of the Body of Christ - even through
"Compassion L.A." - that you would use him to unite the church in Los
Angeles." - Lou
"I long to see the signs
and wonders accompany the apostlic - to see the
dead raised and watch whole cities
get saved. That's what I want to see. It is my cry and my prayer. "Lord,
restore apostlic ministry, apostolic purity, apostlic
some groups the prophetic has been pretty much restored, but we don't yet
understand the apostole role." - Rick Wright
"It appears that many
"prophets" are filling
halls, proclaiming new "hot spots," writing triumphalist books, proclaiming the
number of "people saved" on billboards, and most recently meeting to "take
cities" away from the "principalities and powers" that reside in the
heavenlies. With the original
message of God's
compassion lost in the Babel of supernatural spiritual technologies and
self-promotion, the future of
the renewal seems dim." -
Margaret M. Poloma
"Lou then shared
with me that for the past 6 months the Lord has been laying strong on his heart
a new movement called
"The Cause" that would mobilize all of America,
specifically young adults from college campuses to vote and pray for the coming
November elections. I left my job on faith and within one week the Lord put
it on the heart of a special person to finance my first 6-12 months of ministry
without me even asking or telling this person about what I was doing. I knew it
was the Lord's confirmation for me to join
Lou to serve
him and mobilize the young radicals on every college campus." - Jaeson
"In Into the
Fire Ché Ahn offers insight into
power, prophets and apostles, city taking, prayer,
revival and more. Ché Ahn provides reproducible steps and practical
guidelines that will help you fan the flames of revival within your church and
help you prepare for the Lord's mighty harvest."
Ché Ahn was
mentored by Word of Faith
adherent Dick Iverson, founding pastor of Bible Temple,
non-profit 501c3 incorporation.
Dick Iverson also mentored Wendell
Smith who holds 'Dragon Slayer New Generation' youth seminars.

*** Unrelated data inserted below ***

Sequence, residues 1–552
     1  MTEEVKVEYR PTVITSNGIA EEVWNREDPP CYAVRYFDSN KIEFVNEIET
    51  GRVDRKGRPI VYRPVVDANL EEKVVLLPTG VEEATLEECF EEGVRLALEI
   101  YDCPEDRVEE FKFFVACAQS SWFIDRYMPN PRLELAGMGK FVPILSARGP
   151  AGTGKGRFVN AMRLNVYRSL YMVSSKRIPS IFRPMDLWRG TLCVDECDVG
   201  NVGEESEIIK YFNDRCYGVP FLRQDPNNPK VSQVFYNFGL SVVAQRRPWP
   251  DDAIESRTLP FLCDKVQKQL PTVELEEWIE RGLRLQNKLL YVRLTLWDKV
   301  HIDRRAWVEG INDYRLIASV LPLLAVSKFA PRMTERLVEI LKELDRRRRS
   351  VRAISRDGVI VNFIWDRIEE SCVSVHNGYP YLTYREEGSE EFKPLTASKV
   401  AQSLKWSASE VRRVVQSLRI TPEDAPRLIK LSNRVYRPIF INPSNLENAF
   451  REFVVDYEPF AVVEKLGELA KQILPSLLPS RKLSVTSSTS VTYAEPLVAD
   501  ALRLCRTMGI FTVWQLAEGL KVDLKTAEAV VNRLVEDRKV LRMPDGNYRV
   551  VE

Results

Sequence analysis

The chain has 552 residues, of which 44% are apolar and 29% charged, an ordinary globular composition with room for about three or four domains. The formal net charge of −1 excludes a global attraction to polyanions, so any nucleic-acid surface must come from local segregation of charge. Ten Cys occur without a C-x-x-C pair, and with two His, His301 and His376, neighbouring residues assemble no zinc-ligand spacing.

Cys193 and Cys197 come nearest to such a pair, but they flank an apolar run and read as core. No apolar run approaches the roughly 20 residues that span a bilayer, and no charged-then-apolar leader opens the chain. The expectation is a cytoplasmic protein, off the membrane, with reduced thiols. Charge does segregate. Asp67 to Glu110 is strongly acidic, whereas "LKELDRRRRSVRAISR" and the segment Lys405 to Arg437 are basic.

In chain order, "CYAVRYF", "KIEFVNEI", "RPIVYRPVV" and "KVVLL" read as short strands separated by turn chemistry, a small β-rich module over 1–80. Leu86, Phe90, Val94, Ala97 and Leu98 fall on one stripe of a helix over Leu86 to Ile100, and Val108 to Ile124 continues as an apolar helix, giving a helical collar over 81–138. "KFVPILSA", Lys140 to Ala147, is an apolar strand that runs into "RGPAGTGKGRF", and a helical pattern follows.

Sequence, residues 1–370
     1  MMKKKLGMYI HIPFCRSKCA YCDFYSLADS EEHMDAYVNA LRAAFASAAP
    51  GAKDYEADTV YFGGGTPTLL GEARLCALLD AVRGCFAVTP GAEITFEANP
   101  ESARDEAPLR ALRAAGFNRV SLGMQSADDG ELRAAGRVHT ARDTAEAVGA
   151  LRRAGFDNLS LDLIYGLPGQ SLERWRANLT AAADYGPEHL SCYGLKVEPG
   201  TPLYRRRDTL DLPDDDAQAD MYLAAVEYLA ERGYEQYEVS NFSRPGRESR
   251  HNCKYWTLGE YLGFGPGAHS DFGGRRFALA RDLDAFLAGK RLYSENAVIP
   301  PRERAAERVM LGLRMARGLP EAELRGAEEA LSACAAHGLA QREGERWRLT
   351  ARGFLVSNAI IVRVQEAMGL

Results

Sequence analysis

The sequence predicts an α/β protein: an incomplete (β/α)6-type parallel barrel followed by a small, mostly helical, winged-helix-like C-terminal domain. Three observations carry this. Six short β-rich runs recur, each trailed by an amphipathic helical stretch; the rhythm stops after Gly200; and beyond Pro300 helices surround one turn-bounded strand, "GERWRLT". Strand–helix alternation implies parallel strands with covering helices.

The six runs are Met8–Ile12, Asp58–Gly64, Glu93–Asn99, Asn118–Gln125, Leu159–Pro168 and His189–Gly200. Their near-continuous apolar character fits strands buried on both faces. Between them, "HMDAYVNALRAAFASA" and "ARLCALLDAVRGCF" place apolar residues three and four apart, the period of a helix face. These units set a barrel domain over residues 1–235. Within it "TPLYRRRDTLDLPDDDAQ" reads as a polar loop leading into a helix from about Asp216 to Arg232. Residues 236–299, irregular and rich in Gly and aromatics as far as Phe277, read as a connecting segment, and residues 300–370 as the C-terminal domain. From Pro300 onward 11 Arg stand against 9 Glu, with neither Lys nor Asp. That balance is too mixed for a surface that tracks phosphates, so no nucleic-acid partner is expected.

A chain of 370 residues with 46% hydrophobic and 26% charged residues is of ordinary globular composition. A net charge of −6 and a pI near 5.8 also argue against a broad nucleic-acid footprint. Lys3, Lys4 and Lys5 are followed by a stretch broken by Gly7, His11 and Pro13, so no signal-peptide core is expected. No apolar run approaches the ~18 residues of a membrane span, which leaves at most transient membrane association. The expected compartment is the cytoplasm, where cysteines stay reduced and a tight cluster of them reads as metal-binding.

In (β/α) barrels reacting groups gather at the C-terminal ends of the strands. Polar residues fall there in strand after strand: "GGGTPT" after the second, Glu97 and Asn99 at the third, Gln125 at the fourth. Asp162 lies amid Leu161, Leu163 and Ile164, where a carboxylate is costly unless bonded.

Smith belongs to the Church of the Nazarene as does
James C. Dobson and his wife,
James C. Dobson, a pediatric
psychologist, is descended from three
generations of Nazarene ministers.
James C. Dobson's Focus on the
neoevangelical non-profit 501c3 incorporation, consists of more than 74
different programs in eight languages operating in 78 countries worldwide,
employing more than 1,300 in its modern three-building Colorado Springs
For fiscal year 1999, Focus on the Family had an
annual operating budget of more than $120 million.
In the second
chapter of James C. Dobson's book, Straight Talk to Men and Their Wives,
James C. Dobson discusses the
source of much of his ministry - not from Scriptures, but from direct
of the main purposes of "The Call" is to
"turn the hearts of the
fathers to their children and turn the
hearts of the children to
I personally hosted "the Loft" at my home,
broke bread with Ché Ahn sheep
and now my son must perform an incantation to ward off the "principalities of
darkness" before he can talk to me.
An email to a father from his
"I do not want to relate to you under the
oppression of control; all it makes me
feel is that I have to compassion you. When
compassion is no
longer a choice, it is no
longer real compassion. I won't be answering the phone when you call, listening
to your voice messages or reading and responding to your
I never had a "respect" problem
with my son until he went to a "retreat" - "special indoctrination
session." After this "special training session" he
told me he lost all respect for me when he was 9 years old because I lost my
temper and yelled at his friend who had reformated the hard drive of my
business computer as a "joke.".
Let all be forewarned: Ché Ahn
and Harvest Rock supports and approves of a group of homosexual predators that
work within the fellowship to bring the confused and lonely into the tribe of
Lost Boys residing on the small island of Neverland.